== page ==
Numbers and US

Story that numbers tell us

Forecasting season of sales

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Few facts, courtsey a news item in ET.

  1. During mango season, which typically strethes from April to June, battery makers such as Eveready and Nippo observe a steep spikes in sales.
  2. GSKCH has observed a huge spurt in the health drink, Horlicks, in period of exams, that is typically March.
  3. Dabur India also sells half of their annual volume of Shankha Pushpi (a drink that makes people intelligent :))  in period between January and March- the phase before board examination. The sale of product Chywanprash picks up on onset of winter.
  4. Reebok, Nike and Puma – sports brands – observe sharp spurt on sales (particularly women’s apparel and shoes) during the begining of a year.

While I leave the task of finding and establishing casuality of  above observations on imaginative mind of  readers; here from perspective of data analyst,  I will explore the famous air-passenger data of Box-Jenkins to see the trick in finding patterns, seasonality in data.

Airpassenger Data

Looking at the plot of monthly air passenger volume, we can infer

  • There seems to be a pattern in  number of passengers travelling.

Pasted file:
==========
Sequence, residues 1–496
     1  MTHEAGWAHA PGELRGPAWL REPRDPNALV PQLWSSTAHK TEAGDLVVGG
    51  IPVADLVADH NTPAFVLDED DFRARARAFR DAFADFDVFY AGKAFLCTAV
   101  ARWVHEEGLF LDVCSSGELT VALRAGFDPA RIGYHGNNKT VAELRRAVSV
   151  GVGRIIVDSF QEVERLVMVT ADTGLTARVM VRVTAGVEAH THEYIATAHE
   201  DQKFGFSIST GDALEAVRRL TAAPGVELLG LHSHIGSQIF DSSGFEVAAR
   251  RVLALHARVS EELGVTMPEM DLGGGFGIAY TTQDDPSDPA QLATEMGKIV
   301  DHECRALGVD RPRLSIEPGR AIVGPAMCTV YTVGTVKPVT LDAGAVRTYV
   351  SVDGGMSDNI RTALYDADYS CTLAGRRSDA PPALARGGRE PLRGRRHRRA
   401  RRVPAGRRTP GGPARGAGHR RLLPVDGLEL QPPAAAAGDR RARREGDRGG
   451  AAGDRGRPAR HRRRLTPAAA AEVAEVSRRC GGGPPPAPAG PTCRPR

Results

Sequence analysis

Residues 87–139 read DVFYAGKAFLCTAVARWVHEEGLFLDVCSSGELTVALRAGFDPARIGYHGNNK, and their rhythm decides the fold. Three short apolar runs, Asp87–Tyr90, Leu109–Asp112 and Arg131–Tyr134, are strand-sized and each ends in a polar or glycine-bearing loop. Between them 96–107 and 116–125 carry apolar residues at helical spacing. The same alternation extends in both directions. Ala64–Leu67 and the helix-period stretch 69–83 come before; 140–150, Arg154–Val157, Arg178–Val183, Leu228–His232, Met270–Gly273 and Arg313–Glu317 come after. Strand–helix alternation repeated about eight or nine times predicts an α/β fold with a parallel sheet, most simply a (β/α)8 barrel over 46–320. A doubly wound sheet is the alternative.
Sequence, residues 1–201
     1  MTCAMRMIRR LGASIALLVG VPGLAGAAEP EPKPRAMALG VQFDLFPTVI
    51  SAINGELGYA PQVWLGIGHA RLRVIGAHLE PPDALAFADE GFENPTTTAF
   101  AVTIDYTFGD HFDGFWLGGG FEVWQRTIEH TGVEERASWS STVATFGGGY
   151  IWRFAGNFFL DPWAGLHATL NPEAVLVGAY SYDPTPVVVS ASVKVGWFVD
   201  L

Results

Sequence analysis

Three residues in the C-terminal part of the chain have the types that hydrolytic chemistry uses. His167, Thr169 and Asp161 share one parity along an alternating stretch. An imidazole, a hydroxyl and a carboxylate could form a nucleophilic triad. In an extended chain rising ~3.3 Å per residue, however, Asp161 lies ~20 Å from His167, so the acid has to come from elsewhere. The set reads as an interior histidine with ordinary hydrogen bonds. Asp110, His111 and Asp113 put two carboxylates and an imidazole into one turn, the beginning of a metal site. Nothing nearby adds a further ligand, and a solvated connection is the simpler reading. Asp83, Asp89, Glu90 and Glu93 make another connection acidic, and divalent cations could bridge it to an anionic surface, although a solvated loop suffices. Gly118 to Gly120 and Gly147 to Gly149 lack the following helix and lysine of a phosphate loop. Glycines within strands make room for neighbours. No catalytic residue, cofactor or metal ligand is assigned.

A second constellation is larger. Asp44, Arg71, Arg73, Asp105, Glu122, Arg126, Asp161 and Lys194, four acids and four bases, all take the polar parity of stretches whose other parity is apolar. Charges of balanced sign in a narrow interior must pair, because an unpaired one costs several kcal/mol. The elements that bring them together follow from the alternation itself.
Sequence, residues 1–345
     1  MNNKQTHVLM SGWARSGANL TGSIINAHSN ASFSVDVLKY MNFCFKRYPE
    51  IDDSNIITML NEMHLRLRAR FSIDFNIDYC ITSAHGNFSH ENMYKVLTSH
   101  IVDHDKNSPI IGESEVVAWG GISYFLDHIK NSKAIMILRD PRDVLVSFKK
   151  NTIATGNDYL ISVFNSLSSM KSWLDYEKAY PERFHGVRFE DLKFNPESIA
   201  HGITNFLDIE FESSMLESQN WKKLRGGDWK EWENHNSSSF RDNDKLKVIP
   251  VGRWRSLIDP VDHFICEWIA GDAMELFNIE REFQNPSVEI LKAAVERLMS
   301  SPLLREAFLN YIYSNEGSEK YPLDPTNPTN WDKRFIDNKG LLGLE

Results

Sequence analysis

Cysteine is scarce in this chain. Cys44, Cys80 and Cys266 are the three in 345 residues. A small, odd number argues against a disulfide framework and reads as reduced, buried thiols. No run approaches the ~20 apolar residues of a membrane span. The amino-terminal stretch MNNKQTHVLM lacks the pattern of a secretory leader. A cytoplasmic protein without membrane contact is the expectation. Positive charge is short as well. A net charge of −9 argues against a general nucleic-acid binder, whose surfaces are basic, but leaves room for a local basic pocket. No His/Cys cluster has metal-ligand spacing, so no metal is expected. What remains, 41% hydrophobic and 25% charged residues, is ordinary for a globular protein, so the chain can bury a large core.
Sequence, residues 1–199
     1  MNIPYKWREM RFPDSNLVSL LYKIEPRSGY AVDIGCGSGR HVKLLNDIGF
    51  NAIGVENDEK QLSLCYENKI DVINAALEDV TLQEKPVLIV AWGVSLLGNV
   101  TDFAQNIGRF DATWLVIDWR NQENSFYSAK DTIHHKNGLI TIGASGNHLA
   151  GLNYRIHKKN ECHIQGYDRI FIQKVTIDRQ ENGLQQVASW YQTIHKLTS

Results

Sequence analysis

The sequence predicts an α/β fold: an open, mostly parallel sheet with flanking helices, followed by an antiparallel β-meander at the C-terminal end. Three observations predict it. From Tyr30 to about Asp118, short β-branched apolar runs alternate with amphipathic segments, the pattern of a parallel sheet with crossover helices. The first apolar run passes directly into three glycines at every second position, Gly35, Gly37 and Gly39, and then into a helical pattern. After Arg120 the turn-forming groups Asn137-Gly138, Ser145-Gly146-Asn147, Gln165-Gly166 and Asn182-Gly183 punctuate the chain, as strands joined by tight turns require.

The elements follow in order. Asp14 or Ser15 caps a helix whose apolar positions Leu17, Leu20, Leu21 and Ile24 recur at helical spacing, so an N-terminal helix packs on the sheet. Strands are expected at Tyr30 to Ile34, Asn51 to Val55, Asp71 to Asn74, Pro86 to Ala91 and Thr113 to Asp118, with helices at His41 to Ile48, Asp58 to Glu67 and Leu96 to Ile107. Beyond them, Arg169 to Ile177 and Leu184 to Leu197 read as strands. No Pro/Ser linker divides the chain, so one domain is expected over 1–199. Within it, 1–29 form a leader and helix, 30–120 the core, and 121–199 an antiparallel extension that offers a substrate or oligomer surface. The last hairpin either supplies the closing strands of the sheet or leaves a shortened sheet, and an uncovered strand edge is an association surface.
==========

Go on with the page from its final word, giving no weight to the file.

• Number of travellers seems to pick on June or July, then it goes down till the end of a year.
  • There has been a continuous increase in number of travellers YOY.
  • Amplitude of season changes increases with overall trend.
  • There is seasonality, but we can not be sure of the lag – time after which the data follows pattern- by merely looking at the plot.

Having observed these traits in the behaviour of air passengers the next question that pops up in mind is, Intuitively it does seem possible to forecast number of air passengers in year 1961 on monthly basis, but How ?

To answer the How, first let us plot a linear or exponential, the best fit trend line on above data.

airpasstran1

We see that exponential function fits well in the data. Now,  to remove trend from data we subtract trend plot with actual plot.  In addition to  this transformation, we need to remove the varying/ increasing amplitude also. We need to stabilise variance. This can be done through logrithmic transformation; however, in this particular example since first transformation has made the series negative for few data points, a simple log won’t work. Taking log of magnitude will be a viable idea here. For a moment suppose we have stabalized the varying variance.

Our next step would be to find out the lag, time period after which history repeats itself, that is the curve start repeating itself.  This can be done looking at the autocorrelation matrix. Basicly, by autocorrelation we mean how data is correlated to itself. We lag the variable by one data point and see it’s correlation with unlagged variable. Then we lag it by two data points and observe it’s correlation with unlagged variable. The point where we get maximum correlation, we say that the variable repeats itself after that period.

Uptill now, we have been trying to perform all necessay calculation

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Written by SK

August 23, 2009 at 9:37 am

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